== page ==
Thursday, April 14, 2011

The Threat to a British Liberty

Fraser Nelson 9:54pm . March 18th

British understatement is a wonderful thing. Here is how Fraser Nelson, editor of the Spectator, introduced a posting on the magazine’s website (see link above) last weekend: “It’s a funny old world,” he said, “I have now been contacted by two journalists informing me that Bedfordshire Police are investigating The Spectator”. The reason? Because a group called, wait for it, “Muslims4UK” took exception to a piece by Melanie Phillips on her Spectator blog in which she referred to the Arabs who had murdered five members of a Jewish family in Itamar the week before as “savages”.

The story was reported in the media, but if you’d blinked you’d have missed it, and the slant of the reporting was that Israel was at least as much to blame for the killings — due to settlement policy — as the killers themselves. Melanie’s column was a typically robust effort to point out the moral depravity of news outlets such as the Guardian, the New York Times, CNN and the BBC who, if the situation had been reversed — if five Arabs including a three month old baby had been knifed to death in their beds in a lethal racist attack by Jewish “settlers”, for example — would have given it saturation coverage.

So not so much a “funny old world” as a “brave new world”: a prominent British columnist does what prominent British columnists are supposed to do — she attempts to shift the terms of the debate back on to a more rational and principled footing — and the net result is that the police have been called in, with the Guardian newspaper
cheerleading on the sidelines, because she has offended Muslim sensitivities.

As Nelson summed it up, the train of events went like this:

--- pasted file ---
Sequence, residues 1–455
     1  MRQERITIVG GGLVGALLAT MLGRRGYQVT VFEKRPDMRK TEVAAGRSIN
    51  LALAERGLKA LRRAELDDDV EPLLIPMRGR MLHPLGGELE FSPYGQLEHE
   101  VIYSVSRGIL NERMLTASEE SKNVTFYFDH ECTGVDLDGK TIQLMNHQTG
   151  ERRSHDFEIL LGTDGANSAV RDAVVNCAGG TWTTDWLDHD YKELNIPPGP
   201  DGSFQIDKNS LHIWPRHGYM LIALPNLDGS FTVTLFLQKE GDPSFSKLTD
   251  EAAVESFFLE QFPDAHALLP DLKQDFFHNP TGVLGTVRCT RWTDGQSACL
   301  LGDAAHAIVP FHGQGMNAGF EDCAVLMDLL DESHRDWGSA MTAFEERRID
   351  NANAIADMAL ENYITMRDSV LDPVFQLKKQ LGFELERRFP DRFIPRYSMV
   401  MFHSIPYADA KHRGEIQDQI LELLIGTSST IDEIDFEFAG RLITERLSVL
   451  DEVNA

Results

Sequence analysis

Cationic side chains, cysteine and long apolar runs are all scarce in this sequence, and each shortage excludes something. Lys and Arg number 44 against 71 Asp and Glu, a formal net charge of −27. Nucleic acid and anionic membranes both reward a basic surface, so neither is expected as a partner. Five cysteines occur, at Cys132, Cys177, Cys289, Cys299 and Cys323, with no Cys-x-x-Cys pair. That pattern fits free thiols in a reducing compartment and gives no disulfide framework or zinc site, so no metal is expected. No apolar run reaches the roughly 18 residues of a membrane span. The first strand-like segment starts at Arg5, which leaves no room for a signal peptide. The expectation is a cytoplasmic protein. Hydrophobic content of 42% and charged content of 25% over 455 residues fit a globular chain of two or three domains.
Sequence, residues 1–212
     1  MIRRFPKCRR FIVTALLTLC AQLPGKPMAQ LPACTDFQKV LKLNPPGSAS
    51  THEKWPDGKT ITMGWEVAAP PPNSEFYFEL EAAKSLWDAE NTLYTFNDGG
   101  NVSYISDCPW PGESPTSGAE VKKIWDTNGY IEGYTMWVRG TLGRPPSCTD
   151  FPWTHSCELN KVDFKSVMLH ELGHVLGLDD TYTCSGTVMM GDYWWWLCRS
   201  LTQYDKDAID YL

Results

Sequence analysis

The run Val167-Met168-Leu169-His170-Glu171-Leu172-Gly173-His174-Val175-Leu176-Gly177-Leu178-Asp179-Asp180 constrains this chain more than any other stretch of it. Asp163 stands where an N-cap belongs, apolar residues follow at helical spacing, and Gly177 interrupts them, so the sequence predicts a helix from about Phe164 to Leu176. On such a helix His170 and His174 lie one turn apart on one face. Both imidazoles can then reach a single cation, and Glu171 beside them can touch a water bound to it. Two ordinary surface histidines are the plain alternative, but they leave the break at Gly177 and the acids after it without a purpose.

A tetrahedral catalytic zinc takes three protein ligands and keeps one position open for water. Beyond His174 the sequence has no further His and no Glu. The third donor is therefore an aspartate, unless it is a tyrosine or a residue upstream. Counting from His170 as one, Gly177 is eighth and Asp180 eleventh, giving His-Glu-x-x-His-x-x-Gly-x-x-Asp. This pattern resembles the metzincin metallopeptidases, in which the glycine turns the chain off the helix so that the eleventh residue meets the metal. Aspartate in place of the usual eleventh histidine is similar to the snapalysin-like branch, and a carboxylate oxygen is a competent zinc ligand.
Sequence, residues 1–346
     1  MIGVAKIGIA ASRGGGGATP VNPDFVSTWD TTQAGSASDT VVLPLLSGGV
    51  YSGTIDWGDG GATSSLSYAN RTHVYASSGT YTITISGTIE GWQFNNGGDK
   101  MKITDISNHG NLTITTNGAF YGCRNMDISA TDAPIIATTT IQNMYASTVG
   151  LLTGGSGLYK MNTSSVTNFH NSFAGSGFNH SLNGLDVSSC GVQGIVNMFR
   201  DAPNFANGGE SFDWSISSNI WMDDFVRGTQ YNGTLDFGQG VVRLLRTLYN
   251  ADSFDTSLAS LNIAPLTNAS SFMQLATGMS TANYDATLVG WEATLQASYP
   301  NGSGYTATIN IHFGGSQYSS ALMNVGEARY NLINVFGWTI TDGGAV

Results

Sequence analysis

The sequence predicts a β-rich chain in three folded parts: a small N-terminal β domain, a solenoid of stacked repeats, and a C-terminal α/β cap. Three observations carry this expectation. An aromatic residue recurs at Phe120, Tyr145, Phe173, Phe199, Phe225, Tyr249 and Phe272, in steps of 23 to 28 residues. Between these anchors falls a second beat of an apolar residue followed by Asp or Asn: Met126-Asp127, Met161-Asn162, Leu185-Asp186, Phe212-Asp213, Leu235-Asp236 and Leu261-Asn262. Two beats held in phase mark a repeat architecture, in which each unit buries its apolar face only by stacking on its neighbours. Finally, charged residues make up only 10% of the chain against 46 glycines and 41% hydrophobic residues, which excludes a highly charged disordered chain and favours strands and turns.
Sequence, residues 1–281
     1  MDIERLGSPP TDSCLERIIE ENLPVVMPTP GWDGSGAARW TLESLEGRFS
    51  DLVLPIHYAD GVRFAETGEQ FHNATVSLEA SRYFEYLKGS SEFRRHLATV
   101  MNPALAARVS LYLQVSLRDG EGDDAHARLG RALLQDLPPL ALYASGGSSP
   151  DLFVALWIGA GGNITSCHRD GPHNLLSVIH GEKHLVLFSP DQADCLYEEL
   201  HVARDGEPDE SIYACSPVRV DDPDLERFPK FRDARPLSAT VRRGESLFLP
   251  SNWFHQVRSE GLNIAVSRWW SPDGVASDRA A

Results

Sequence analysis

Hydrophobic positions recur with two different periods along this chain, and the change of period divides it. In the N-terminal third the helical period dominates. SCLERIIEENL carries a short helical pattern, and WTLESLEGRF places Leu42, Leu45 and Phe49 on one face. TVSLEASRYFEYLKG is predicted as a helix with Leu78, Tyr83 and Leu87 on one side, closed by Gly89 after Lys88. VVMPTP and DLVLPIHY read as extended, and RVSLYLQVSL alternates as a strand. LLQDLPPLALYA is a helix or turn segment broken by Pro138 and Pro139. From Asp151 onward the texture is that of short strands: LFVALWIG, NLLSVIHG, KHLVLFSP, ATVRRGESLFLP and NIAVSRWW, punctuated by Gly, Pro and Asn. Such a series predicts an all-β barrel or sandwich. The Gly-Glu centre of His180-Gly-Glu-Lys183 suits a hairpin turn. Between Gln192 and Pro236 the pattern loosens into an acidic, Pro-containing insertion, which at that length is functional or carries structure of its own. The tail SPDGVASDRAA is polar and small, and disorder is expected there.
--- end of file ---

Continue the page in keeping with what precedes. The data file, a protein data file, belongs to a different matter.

“1) Inayat Bunglawala, chair of Muslims4UK, gets angry about what he reads on Melanie’s blog.2) Complains to the PCC [The Press Complaints Commission].3) Complains to the police.4) Phones up The Guardian and says “The PCC are investigating The Spectator!! Story!! Police too!!5) The Guardian duly writes it all up, on its website.6) The Independent follows up The Guardian.7) An inverted pyramid of piffle is thus constructed.”

It isn’t yet clear on what grounds the investigation is being conducted, but you can bet your boots that it is the following paragraph from Melanie’s piece that they are salivating over:

“So to the New York Times, it’s not the Arab massacre of a Jewish family which has jeopardised ‘peace prospects’ — because the Israelis will quite rightly never trust any agreement with such savages — but instead Israeli policy on building more homes, on land to which it is legally and morally entitled, which is responsible instead for making peace elusive. Twisted, and sick”.

An “Arab massacre”? What all of them? “such savages”? So all Arabs are “savages”? Oh, come off it. It is quite clear that she is referring to the “savages” who slaughtered a family in their beds, and it is “such savages” and those who incite them with whom peace cannot be made. It is also clear that in this instance the thrust of the argument is against the New York Times, itself being used as a proxy for the liberal left media in the West, and not the killers as such.
And it is precisely because the multi-culturalist assumptions underpinning the western liberal left media lead consistently to a downplaying or sanitisation of crimes, however appalling, committed by non-white, third-world perpetrators designated as “victims” that Melanie Phillips employs such strong language to jolt western readers out of their dogmatic slumbers. Again, that’s what columnists are supposed to do, and in any other situation this affair would have passed off without notice.

But, as Nelson makes clear, changes are afoot in modern Britain that threaten to rip apart the fabric of one of the world’s most developed free societies: “Freedom of expression is under attack in Britain, from our notorious libel laws to this new phenomenon of police forces being asked to investigate what people put on their blogs,” he said.

And as we know from cases involving Geert Wilders in the Netherlands and others across the continent, all of this is starting to look like a depressingly common feature of the new European politics. To those who value freedom, merely sitting on one’s hands is no longer an option. We all hang together, or we all hang separately, as Benjamin Franklin is said to have averred at the siging of the American Declaration of Independence.

So write to Fraser Nelson in the comments column at the end of the article and tell them you support their right to be heard. Surely, that’s the least you can do.

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